Volume 36, 2020
Home: Sanctuary, Shelter, and Justice
José Jorge Mendoza
Crimmigration and the Ethics of Migration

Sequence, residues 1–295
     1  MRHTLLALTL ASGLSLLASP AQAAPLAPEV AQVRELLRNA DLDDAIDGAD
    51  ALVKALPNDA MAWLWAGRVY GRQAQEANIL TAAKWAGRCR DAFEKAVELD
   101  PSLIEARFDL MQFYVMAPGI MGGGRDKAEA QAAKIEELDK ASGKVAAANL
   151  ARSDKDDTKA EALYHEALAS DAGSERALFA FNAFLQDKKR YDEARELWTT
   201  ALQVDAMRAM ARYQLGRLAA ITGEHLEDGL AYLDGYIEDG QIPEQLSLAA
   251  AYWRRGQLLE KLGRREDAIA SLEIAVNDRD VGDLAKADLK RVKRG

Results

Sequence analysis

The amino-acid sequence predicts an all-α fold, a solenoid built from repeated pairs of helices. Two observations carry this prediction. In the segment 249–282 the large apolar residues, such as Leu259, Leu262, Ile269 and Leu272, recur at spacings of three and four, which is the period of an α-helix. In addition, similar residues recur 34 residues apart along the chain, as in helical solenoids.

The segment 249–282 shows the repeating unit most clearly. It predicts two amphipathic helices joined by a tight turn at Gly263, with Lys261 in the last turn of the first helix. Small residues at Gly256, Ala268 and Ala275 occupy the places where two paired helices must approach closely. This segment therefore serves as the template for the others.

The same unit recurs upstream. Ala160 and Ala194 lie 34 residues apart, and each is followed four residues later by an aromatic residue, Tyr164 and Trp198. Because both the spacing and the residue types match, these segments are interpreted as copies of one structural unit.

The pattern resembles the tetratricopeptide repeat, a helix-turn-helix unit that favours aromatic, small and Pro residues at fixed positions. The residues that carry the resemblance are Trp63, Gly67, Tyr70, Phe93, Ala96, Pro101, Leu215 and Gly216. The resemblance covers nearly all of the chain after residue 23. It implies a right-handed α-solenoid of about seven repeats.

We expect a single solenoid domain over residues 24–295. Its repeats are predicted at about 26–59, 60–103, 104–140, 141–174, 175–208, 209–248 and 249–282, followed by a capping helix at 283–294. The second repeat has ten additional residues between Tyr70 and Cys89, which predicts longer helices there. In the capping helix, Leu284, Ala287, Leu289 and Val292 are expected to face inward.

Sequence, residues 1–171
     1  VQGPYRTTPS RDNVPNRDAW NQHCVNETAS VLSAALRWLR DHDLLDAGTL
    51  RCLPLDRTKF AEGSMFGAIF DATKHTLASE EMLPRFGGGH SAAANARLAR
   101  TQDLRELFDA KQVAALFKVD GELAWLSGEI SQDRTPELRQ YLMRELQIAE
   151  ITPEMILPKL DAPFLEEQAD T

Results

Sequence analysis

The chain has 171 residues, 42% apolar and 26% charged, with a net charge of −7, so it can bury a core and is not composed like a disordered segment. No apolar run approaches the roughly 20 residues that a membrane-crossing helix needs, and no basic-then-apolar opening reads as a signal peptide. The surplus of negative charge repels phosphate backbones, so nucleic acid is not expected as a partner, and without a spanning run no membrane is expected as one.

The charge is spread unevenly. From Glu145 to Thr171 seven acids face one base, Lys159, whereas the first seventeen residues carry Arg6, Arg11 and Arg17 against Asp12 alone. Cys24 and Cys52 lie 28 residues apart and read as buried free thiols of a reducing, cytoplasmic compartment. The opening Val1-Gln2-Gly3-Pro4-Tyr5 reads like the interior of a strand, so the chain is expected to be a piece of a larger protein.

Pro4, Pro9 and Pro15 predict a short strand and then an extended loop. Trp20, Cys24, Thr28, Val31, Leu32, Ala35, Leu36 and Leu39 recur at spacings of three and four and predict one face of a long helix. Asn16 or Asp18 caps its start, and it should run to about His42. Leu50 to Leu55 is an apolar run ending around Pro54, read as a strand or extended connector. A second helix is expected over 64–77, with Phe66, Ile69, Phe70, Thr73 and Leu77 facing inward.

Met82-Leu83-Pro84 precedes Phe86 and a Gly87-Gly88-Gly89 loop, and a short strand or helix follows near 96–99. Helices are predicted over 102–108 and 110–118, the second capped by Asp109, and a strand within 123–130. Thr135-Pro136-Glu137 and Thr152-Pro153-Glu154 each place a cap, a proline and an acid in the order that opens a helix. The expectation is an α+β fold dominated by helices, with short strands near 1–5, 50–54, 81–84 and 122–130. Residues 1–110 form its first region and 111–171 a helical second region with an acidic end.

David Miller’s defense of a state’s presumptive right to exclude non-refugee immigrants rests on two key distinctions. The first is that immigration controls are “preventative” and not “coercive.” In other words, when a state enforces its immigration policy it does not coerce noncitizens into doing something as much as it prevents them from doing a very specific thing (e.g., not entering or remaining within the state), while leaving other options open. Second, he makes a distinction between “denying” people their human rights and “deterring” people from exercising their human rights. On this view, when those assigned to protect or fulfil human rights are also tasked with performing immigration enforcement duties, undocumented immigrants are not being denied their human rights, even when this deters them from exercising those rights. In this article, I argue that Miller’s two distinctions have an implication that he might not have foreseen. Specifically, I argue that these distinctions provide ideological cover for what has come to be known as “crimmigration” and that we have strong reasons for wanting our theory of immigration justice to reject this, even when doing so leaves open the possibility for an indirect open-borders argument.